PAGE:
Balki gives Larry a look of disbelief, wiping the grin off Larryís face.  "Cousin . . . donít you have a little bit more you want to say to Cousin Billy?"  "Billy, look," Larry says, "thereís nothing to forgive or be ashamed of.  Iíve been doing the same thing."  "Youíre a travel agent?" Billy asks.  "No, no!" Larry says, "I mean Iíve lied!  Iím not the city editor at the paper, I donít own a townhouse.  Jennifer and I arenít engaged.  But she does like me!"  "Larry, why would you lie to me?" Billy asks.  "Are you kidding?" Larry asks, "All my life Iíve had to live up to you.  Billy, the great athlete . . . Billy, the most popular guy at school . . . I got tired of mom and dad always saying ĎWhy canít you be more like your brother Billy?í"  "Well, how do you think I liked it when they kept saying ĎWhy canít you be more like your brother Larry?  Look how good his grades are . . . look how neat he keeps his room . . . look how well he irons.í"  "Gosh," Larry sighs, "All this time weíve been resenting each other when we should have been resenting mom and dad!"

"Look, Larry, letís just start all over again, all right?" Billy suggests, "Letís stop all this lying and be good brothers."  "Iíd like that," Larry nods.  "Me, too," Billy agrees.  They reach to shake hands with each other then stop, stand up and hug instead.  After a lengthy embrace they part to see that Balki is now crying.  They sit down to comfort him as Balki sobs, "That was beautiful!  You know, I think someday you both are going to look back on this and realize that this was the moment you really became brothers.  That this was the moment you really stepped in something good."

Script Variations:
There are some differences between the second draft script dated December 4, 1987 and the aired episode:
When Balki is telling Larry about Brother Billy coming he just says, "Cousin Billy's flying in from Paris.  He said he will only be in town for a couple of hours, but he thinks he can squeeze us in for lunch.  What a brother.  I can't wait to meet him."  After Larry explains to Lydia and Harriette that his brother is successful, Lydia does not say, "Oh, I hate that!"  After Larry tells them that he's done a little bragging of his own about being city editor of the Chronicle, Harriette comments, "Whoa, baby.  You say bragging but you mean lying."  Lydia points out that Billy will guess Larry isn't city editor and Larry says, "I know that.  But I think I can fake my brother out for a couple of hours."  (The B alliterations are not in this version).  Lydia replies, "Maybe you can but what about Balki?  He's the most honest person in the free world.  When he says the check is in the mail, the check is in the mail."  "Come on," Larry says, "We're not talking about Abe Lincoln here."  Balki enters and asks "Did anybody lose this dime?"  Harriette and Lydia give Larry looks of concern.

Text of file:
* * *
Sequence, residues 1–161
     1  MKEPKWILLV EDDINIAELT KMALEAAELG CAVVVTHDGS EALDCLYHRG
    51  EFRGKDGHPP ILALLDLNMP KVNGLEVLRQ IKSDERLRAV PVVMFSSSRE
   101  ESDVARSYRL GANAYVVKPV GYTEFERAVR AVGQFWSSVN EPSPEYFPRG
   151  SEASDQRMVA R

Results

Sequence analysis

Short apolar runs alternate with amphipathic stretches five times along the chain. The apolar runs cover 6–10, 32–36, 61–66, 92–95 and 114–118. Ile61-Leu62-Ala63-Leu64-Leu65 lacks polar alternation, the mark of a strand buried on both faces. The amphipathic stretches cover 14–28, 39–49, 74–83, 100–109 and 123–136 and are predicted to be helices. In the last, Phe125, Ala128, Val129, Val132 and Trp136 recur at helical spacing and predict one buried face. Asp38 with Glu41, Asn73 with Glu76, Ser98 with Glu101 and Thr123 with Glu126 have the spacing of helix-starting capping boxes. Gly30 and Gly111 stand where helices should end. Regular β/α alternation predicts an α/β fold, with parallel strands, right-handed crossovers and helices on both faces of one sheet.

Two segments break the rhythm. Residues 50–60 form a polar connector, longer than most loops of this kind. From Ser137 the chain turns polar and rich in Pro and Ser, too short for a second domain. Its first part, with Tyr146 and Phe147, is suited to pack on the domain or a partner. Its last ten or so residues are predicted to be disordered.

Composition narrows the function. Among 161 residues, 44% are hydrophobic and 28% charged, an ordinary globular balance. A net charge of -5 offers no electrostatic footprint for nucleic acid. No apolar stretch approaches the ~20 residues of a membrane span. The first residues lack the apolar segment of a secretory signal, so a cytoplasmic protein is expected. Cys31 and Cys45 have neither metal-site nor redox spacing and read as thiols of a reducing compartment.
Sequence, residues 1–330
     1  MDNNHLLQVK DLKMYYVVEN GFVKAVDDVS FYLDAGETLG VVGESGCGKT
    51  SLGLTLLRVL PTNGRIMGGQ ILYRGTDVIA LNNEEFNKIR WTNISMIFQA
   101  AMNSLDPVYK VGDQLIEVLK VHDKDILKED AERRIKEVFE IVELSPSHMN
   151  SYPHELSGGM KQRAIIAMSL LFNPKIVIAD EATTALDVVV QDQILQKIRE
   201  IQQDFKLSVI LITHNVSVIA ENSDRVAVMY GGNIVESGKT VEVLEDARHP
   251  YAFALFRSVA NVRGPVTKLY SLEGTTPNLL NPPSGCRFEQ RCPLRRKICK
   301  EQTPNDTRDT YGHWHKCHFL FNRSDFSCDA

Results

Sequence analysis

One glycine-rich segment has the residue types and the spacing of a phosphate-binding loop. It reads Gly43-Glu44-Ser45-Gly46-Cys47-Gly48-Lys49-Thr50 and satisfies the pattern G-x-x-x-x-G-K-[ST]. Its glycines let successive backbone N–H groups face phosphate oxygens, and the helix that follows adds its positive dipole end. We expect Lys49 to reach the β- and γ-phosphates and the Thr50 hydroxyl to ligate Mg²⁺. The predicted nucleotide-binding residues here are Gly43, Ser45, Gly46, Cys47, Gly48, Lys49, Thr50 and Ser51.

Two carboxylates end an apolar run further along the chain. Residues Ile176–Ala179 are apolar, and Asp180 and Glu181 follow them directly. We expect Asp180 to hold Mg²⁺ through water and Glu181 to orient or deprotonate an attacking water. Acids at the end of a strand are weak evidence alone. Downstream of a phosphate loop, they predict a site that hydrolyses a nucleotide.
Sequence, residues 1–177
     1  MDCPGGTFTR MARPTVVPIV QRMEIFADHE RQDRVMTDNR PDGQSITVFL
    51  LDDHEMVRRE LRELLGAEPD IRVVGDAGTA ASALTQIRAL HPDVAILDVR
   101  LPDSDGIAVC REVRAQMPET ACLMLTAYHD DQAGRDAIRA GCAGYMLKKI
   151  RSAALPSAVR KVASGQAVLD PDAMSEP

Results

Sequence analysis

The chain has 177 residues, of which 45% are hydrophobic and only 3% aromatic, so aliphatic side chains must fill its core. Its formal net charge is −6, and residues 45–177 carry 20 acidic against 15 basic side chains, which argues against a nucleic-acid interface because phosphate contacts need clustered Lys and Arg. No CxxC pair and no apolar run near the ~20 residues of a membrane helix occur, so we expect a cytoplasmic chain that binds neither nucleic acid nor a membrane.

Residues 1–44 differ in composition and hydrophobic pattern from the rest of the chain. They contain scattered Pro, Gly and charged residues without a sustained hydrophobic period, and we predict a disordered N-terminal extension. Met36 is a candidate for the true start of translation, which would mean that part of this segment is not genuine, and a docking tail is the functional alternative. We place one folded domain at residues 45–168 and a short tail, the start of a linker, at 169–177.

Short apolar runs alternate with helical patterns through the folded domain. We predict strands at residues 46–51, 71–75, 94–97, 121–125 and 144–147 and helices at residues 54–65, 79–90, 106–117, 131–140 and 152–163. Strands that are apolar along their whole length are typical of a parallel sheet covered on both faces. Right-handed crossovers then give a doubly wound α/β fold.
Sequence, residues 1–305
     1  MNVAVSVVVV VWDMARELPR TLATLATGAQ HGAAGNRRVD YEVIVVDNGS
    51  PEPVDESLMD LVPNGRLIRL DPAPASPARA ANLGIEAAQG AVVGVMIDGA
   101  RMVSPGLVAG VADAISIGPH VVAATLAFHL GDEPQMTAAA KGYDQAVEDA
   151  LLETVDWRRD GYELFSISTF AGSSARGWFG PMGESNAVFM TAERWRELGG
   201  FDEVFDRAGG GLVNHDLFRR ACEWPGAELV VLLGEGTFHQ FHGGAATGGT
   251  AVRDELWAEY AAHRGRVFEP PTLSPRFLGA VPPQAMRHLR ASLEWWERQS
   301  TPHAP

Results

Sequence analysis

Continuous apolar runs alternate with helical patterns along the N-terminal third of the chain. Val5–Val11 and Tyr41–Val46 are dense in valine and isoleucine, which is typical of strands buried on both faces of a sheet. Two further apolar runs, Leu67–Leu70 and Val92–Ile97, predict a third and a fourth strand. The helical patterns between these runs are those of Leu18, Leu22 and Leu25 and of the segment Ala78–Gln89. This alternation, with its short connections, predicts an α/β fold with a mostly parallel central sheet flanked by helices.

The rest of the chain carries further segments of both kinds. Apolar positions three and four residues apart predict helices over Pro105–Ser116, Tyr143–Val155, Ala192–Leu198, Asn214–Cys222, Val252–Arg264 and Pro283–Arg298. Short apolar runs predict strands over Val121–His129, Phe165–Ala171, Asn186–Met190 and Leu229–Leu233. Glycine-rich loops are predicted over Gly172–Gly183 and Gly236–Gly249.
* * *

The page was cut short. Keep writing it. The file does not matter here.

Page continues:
- In this script, Balki doesn't have to cry before Larry agrees to let him play Appleton Snowjob.  "Oh, thank you, Cousin," Balki smiles, "This is going to be so much fun to play 'Appleton Snowjob.'"  He looks worried and asks, "What if it doesn't snow?"  After Balki points out that Mr. Burns always goes to lunch at exactly one o'clock, Larry says, "By golly, you're right.  I didn't think of that.  Then when Billy comes by, his office will be empty."  "But it won't really be empty, will it?" Balki asks, "It will be occupied by 'Larry Appleton, City Editor.'"  Larry looks at Balki and says, "Balki, you've played this game before."  "No, but I'm a fast learner," Balki says modestly.  "You know what will make it more convincing?" Larry asks.  "If you dressed like Mr. Burns?" Balki asks.  Larry then points out the stuff on the counter and sweeps them into his briefcase.  "Wow," Balki gasps, "Cousin, if I didn't know better, I'd think you had this all planned."  "I'm just quick," Larry explains, "If you want to learn to play 'Snowjob' just do what I do."  Larry exits with Balki following and doing exactly what Larry does.